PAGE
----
I think my colleague Timothy Foote, a former editor and writer at Smithsonian magazine, knew he'd struck gold 20 years ago when he came up with the idea to tell one story every month about an artifact in the Smithsonian Institution's collections.
Drawing on the wealth of information held in the vaults and back room files, not to mention the collective minds of the Smithsonian’s curatorial staff, we began writing mini-memoirs. Over the years, we've done both the wildly famous—like Jerry Seinfeld’s "puffy" shirt, and the seemingly banal—like a stamp collection, which becomes an artifact to be reckoned with because it was previously owned by John Lennon. Object at Hand became extremely successful at giving our readers a sense of what it's like to be on the other side of the museum's protective Plexiglas.
The resultant column, "The Object at Hand," is still going strong, especially since only 200 artifacts have been covered since its inception. In honor of this milestone anniversary, we've pulled together a handful of our favorites here on Smithsonian.com and created a unique display that includes the artifact and the original article pulled from the vast archives of Smithsonian magazine.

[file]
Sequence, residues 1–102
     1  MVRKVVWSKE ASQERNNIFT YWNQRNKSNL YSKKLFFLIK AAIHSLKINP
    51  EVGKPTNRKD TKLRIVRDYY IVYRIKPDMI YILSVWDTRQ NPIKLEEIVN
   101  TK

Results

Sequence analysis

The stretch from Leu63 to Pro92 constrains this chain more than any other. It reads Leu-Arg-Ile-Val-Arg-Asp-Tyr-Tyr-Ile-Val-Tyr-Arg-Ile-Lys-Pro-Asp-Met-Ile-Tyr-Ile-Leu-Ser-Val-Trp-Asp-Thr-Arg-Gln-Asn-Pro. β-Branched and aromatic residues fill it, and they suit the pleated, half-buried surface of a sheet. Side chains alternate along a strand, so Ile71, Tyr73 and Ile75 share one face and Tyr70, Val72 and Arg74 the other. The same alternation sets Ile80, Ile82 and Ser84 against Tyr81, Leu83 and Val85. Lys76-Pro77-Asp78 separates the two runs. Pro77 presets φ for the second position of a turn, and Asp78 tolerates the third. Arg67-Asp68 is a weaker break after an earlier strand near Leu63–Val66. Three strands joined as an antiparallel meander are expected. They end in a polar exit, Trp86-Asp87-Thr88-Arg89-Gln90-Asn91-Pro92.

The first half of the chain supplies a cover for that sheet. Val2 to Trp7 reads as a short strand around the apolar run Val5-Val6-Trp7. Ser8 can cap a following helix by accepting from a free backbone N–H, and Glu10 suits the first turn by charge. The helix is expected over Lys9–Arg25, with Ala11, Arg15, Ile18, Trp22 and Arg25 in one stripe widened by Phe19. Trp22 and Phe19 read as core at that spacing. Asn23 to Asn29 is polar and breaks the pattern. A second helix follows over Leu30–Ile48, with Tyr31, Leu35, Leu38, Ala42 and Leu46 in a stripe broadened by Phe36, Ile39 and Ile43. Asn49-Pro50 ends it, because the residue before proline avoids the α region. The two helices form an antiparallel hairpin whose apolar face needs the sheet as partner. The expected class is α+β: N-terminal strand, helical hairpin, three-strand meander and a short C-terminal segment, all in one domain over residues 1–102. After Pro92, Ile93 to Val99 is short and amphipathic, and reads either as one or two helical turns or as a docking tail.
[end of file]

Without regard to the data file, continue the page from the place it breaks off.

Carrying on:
With 136 million more objects left in the Smithsonian's collection, we've got plenty of stories left to tell, so let us know what your favorites are in the comments area below.